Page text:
In this section we investigate the temperature scaling of the macroscopic anisotropy with respect to the magnetization
. As it has been reported in the literature for a pure magnetic material the scaling factor at low temperature follows the well known Callen-Callen law [106,129]. However, when the magnetic system has a more complex structure than a pure ferromagnet the scaling is unknown a priori and is a coordination number, thin film thickness, configuration of easy axes and material dependent. Nevertheless, it is this scaling which would be measured experimentally. To illustrate this effect we have calculated the scaling exponent at low-temperatures for various thin films with different easy axes configurations.
First we analyze the scaling exponent as a function of the thin film thickness when the bulk has a uniaxial magneto-crystalline anisotropy and the surface anisotropy is modeled by the Néel surface anisotropy with a
. We consider two cases, the Néel surface anisotropy is perpendicular to the thin film plane in both cases while the bulk easy axis is in the first case (Fig. 4.20) also perpendicular to the surface and in the second case (Fig 4.21) lays in the plane parallel to X axis.
The scaling exponent as a function of the ratio for a set of thin films with sc lattice, uniaxial anisotropy in the bulk and Néel surface anisotropy
, the bulk and surface easy axis are out-of-plane.
The scaling exponent is shown in the Fig. 4.20. We can observe that when our system is a pure surface system it is well modeled by an uniaxial anisotropy and
, practically we recover the value expected from the Callen- Callen theory. But when the size of the system is increased and we have both surface and bulk moments the system presents two different anisotropy constants from the surface and bulk magnetization which have different dependence on temperature, and this affects the value.
Next, we consider that the configuration of the easy axis of the bulk and surface corresponds to that shown in Fig. 4.16 (right).
As we have analyzed in the previous section 4.3.3, the existence of several easy axes with different origins could lead to a re-orientation transition with temperature. The re-orientation transition has the consequence that the scaling exponent of the effective anisotropy constant with the average magnetization is not monotonic, as we can see in Fig. 4.21, where the scaling exponent of systems with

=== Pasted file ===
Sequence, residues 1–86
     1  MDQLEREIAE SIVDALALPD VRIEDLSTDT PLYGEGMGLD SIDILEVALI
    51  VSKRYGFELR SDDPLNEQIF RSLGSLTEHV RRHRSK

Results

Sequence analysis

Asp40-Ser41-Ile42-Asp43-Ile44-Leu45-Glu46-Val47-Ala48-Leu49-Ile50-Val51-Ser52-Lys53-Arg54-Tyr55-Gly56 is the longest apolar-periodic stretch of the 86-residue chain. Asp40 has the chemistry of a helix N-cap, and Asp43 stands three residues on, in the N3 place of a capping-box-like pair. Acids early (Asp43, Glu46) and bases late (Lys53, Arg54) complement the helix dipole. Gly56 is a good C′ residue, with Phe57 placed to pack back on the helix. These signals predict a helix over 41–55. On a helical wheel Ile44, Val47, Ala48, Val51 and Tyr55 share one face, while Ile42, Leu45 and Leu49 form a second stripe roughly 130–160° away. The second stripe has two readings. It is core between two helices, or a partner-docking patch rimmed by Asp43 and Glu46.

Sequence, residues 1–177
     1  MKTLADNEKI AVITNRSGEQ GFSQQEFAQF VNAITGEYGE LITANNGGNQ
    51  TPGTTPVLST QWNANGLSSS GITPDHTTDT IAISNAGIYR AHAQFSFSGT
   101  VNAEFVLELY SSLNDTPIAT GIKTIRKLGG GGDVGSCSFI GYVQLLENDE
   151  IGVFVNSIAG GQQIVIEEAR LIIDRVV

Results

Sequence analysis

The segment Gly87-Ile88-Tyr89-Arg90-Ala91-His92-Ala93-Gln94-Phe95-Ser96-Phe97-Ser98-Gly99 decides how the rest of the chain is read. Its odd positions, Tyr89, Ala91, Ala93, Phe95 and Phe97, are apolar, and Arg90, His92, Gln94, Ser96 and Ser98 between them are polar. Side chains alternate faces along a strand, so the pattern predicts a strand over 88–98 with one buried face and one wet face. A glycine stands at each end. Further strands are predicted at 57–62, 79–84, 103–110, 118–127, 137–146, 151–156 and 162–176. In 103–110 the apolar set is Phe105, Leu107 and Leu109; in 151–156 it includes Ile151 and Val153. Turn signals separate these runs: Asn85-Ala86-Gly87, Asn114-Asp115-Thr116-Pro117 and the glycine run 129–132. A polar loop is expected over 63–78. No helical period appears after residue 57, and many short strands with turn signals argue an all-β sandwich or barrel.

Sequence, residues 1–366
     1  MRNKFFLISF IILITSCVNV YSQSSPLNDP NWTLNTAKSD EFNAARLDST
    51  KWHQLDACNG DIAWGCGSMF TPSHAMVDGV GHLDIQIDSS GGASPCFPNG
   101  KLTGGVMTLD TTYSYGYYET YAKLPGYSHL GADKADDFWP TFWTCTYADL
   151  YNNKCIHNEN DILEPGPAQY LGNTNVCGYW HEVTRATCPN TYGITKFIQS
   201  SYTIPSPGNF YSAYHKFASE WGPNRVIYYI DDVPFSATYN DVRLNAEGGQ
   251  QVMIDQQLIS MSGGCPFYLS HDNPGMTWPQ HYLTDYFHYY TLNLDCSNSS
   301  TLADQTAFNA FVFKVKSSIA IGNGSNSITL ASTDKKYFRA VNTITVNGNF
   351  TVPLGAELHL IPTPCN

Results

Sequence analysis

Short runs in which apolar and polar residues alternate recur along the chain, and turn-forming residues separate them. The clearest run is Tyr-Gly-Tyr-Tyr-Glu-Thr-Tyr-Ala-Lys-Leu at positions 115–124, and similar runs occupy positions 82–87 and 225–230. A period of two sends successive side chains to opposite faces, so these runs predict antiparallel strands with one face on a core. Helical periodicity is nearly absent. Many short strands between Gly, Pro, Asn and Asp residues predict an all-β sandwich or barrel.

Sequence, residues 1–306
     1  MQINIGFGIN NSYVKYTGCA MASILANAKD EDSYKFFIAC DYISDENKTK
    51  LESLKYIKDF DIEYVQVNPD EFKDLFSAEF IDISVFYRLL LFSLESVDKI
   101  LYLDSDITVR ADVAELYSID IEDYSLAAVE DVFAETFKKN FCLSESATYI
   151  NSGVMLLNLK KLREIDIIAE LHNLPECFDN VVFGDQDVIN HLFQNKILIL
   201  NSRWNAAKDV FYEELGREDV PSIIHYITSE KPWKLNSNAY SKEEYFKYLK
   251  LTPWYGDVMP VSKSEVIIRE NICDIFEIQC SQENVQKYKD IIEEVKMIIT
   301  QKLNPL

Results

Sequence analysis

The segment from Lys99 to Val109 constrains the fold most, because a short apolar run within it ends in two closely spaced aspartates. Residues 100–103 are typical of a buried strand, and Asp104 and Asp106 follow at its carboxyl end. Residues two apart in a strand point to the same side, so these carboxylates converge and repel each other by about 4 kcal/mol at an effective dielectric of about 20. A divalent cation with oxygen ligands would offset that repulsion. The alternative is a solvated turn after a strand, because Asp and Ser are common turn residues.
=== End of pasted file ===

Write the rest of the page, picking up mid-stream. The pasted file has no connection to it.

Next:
The scaling exponent increases from
(when the total anisotropy is dominated by the surface anisotropy), diverges at the re-orientation transition and later recovers the value
(when the total anisotropy is dominated by the bulk one) with increased thin film thickness (see Fig. 4.21). The negative value of the scaling exponent is related to a non-monotonic dependence of the effective anisotropy on temperature, related to the orientation transition, as seen in Fig. 4.19.
The scaling exponent as a function of system size of a thin film with sc lattice, uniaxial anisotropy in the bulk with the easy axis parallel to X axis, and Néel surface anisotropy with
and easy axis out-of-plane.
In general the magnetic behavior of a thin film depends on the character of it surface, if it is coated, if it is free, etc. It is natural to ask the question on how the scaling exponent is affected by the surface. With the aim to answer this question, we have simulated the effect of different cappings on our thin film, varying the value of the Néel surface anisotropy parameter. We have modeled a thin film with a sc lattice structure (), the bulk anisotropy is uniaxial and the Néel surface anisotropy constant is changed in the range from
. In Fig. 4.22 we present the calculated value of the scaling exponent. When the value of the surface anisotropy per spin is smaller than the bulk one, the scaling factor is smaller than that predicted by the Callen-Callen theory (). If the effective surface anisotropy per spin is larger than the bulk one, the scaling factor calculated is larger than 3 and
To summarize this section we conclude that the scaling exponent for thin films with uniaxial anisotropy in the bulk and surface anisotropy at low temperatures is different than that predicted by the Callen-Callen theory, and depends on the system size. The increment of has its origin in the fact that the moments on the surface have a reduction of the number of the nearest neighbors, therefore the surface magnetization is more sensible to the temperature than the total magnetization. Also we have to note that the value of the surface anisotropy constant itself is different from the bulk one, and this could induce a change in the value of .
Scaling exponent of a thin film, with sc lattice structure, as a function of the Néel surface anisotropy normalized to the bulk anisotropy constant ().